'; Supreme Court to resolve circuit split about trademark license rights in bankruptcy

Supreme Court to resolve circuit split about trademark license rights in bankruptcy

February 22, 2019 Newsletter

Is a trademark licensee out of luck if a bankrupt licensor rejects its license agreement in a Chapter 11 proceeding? The Supreme Court will resolve a circuit court split on the question after granting certiorari in Mission Product Holdings, Inc. v. Tempnology, LLC.

The possibility that a trademark licensee may lose its rights if the trademark owner files for bankruptcy is one that licensees should prepare for when negotiating and drafting such agreements, says Michelle Zimmermann, a shareholder in Leydig’s Chicago office.

“If the Court affirms the First Circuit and finds that trademark license rights terminate upon rejection in bankruptcy, a licensee could see its entire business model suddenly upended without warning or recourse,” she says. “License agreements should include notice provisions regarding a licensor’s potential insolvency so the licensee has time to prepare for that outcome.”

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At issue is Section 365 of the Bankruptcy Code. Section 365(a) allows a debtor in a Chapter 11 bankruptcy to “reject” executory contracts as part of its reorganization efforts. Such rejections are treated as breaches of contract with the effect of such breaches being the same as they would be under non-bankruptcy law.

Section 365(n) carves out an exception to a debtor’s broad rejection authority by limiting the right of a debtor to terminate certain enumerated intellectual property licenses, including those involving trade secrets, patents, and copyrights. Trademarks are notably not included in the list of protected intellectual property under that section.

After Tempnology filed for Chapter 11 bankruptcy protection, it rejected several contracts, including a trademark license agreement with Mission. After Mission objected to the rejection, the bankruptcy court concluded the rejection terminated Mission’s rights because Congress excluded trademarks from intellectual property protected under Section 365(n).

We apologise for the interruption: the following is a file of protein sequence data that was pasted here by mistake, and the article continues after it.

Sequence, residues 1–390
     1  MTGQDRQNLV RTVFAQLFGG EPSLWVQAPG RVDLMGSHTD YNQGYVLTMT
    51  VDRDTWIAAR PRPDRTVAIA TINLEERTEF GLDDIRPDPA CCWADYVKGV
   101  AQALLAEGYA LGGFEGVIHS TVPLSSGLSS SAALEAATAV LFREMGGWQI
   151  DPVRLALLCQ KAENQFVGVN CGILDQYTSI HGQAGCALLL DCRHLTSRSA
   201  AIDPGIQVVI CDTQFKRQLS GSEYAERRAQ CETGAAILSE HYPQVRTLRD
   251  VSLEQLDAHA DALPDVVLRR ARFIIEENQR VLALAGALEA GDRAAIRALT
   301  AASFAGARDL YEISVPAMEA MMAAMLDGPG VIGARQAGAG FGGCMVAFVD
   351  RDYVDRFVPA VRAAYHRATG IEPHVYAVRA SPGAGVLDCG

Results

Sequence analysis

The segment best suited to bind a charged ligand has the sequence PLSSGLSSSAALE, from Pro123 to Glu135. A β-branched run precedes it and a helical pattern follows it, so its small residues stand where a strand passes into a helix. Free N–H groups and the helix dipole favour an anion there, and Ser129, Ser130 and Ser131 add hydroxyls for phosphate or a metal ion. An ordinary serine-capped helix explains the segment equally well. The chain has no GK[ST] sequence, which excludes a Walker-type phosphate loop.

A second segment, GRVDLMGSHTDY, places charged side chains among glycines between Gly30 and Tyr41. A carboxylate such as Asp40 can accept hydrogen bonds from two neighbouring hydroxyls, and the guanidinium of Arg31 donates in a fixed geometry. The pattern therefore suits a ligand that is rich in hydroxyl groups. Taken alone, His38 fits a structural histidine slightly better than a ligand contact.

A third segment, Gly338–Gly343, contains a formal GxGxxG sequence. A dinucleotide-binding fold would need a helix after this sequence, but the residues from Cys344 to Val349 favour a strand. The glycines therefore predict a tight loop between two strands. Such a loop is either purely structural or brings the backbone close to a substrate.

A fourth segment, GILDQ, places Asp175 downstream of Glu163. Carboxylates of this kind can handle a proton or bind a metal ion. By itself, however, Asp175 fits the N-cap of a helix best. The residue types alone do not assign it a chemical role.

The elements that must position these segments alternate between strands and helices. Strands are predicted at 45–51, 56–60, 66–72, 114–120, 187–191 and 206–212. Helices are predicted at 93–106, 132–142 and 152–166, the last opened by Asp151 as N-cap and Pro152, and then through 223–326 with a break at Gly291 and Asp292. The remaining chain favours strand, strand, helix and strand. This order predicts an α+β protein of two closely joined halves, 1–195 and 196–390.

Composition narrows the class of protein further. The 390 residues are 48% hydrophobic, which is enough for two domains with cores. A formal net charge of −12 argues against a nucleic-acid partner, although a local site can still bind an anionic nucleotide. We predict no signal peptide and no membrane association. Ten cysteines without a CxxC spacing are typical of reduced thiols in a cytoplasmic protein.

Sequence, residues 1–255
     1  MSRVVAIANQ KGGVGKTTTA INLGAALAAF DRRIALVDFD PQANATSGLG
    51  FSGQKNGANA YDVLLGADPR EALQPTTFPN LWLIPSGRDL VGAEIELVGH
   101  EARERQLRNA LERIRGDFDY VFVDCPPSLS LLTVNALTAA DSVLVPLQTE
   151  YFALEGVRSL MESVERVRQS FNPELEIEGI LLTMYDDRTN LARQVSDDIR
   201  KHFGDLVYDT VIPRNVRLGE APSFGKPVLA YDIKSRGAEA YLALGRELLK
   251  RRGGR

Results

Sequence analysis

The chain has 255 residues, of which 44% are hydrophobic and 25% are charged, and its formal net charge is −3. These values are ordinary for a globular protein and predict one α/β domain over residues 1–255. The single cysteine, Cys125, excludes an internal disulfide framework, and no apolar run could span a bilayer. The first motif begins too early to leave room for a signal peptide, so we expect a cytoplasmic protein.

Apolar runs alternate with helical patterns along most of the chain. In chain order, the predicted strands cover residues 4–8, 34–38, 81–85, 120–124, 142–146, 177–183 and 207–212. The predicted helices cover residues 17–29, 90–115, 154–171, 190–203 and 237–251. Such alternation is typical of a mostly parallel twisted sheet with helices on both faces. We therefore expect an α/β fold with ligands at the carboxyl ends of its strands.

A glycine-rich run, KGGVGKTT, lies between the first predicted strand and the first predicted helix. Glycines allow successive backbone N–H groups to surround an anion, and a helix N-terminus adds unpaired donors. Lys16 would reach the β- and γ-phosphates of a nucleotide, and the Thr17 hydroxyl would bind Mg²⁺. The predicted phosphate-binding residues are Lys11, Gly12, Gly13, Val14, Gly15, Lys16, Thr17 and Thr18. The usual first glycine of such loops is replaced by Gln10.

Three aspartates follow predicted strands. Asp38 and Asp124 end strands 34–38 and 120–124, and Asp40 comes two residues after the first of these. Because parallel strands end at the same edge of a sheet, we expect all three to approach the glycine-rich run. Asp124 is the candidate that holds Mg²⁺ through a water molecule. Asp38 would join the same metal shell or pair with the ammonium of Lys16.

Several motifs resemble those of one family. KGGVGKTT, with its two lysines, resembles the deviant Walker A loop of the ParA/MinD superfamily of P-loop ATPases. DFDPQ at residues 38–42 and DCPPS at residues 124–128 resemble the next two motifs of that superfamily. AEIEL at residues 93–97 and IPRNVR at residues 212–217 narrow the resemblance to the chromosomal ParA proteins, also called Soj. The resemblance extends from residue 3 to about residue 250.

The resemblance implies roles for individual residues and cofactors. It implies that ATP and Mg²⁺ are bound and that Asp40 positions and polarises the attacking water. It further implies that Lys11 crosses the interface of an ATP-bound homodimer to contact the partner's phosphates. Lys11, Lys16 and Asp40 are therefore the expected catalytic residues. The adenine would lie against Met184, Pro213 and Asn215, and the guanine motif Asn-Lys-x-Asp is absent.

The Bankruptcy Appellate Panel reversed, however, relying on the U.S. Court of Appeals for the Seventh Circuit’s decision in Sunbeam Products, Inc. v. Chicago American Manufacturing. Noting that a licensor’s breach of contract does not necessarily terminate a trademark licensee’s rights, the Seventh Circuit concluded in Sunbeam that since Section 365(g) deems a rejection to be a breach of contract, a licensee’s rights survive that rejection.

Ruling on Mission’s appeal, the U.S. Court of Appeals for the First Circuit saw things differently. In affirming the bankruptcy court’s initial decision, the First Circuit adopted the view of the Fourth Circuit by deciding that the effect of trademarks’ omission from 365(n) is the termination of a licensee’s rights to continue using the licensed mark upon rejection.

While it is unclear how the Supreme Court will resolve the divergent holdings on the issue, Stella Brown, an associate in Leydig’s Chicago Office, believes the Court may find one aspect of the First Circuit’s reasoning particularly compelling.

“A trademark licensor has on ongoing obligation to monitor and oversee the licensee’s use of its mark to prevent dilution or the abandonment of its mark,” she says. “As the First Circuit noted, imposing these continuing – and often costly – burdens on a bankrupt licensor seems contrary to the whole idea of rejection, which is to free a debtor from such burdens to facilitate a successful reorganization.”